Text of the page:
Admiral Mullen was sworn in as the 17th Chairman of the Joint Chiefs of Staff on October 1, 2007. He serves as the principal military advisor to the president, the Secretary of Defense, the National Security Council, and the Homeland Security Council.
A native of Los Angeles, he graduated from the U.S. Naval Academy in 1968. He commanded three ships: the gasoline tanker USS Noxubee (AOG 56), the guided missile destroyer USS Goldsborough (DDG 20) and the guided missile cruiser USS Yorktown (CG 48). As a flag officer, Mullen commanded Cruiser-Destroyer Group 2, the George Washington Battle Group, and the U.S. 2nd Fleet/NATO Striking Fleet Atlantic.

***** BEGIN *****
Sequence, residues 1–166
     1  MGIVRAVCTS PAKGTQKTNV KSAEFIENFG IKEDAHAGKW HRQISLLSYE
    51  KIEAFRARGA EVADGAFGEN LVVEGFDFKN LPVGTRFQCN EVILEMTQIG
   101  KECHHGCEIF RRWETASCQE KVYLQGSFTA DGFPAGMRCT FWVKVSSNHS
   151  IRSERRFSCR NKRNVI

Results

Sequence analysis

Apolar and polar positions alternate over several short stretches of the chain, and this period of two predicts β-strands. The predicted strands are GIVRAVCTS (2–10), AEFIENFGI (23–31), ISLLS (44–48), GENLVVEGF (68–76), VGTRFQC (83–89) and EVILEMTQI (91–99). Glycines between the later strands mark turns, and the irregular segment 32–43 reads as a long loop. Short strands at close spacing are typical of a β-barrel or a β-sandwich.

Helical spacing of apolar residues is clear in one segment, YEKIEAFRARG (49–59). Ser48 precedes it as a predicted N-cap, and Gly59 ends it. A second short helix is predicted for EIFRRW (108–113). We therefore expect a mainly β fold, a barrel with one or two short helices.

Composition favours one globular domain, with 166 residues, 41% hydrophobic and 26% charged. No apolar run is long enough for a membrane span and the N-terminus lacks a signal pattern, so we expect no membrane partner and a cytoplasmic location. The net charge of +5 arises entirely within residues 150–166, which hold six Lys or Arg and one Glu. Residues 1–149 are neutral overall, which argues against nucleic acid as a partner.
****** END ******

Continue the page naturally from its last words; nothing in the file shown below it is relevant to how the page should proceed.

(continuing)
Ashore he has served in leadership positions at the Naval Academy, in the Navy's Bureau of Personnel, in the Office of the Secretary of Defense, and on the Navy Staff. He was the 32nd Vice Chief of Naval Operations from August 2003 to October 2004. His last operational assignment was as commander, NATO Joint Force Command Naples/Commander, U.S. Naval Forces Europe. Mullen is a graduate of the Advanced Management Program at the Harvard Business School and he earned a Master of Science degree in Operations Research from the Naval Postgraduate School. Prior to becoming chairman, Mullen served as the 28th Chief of Naval Operations.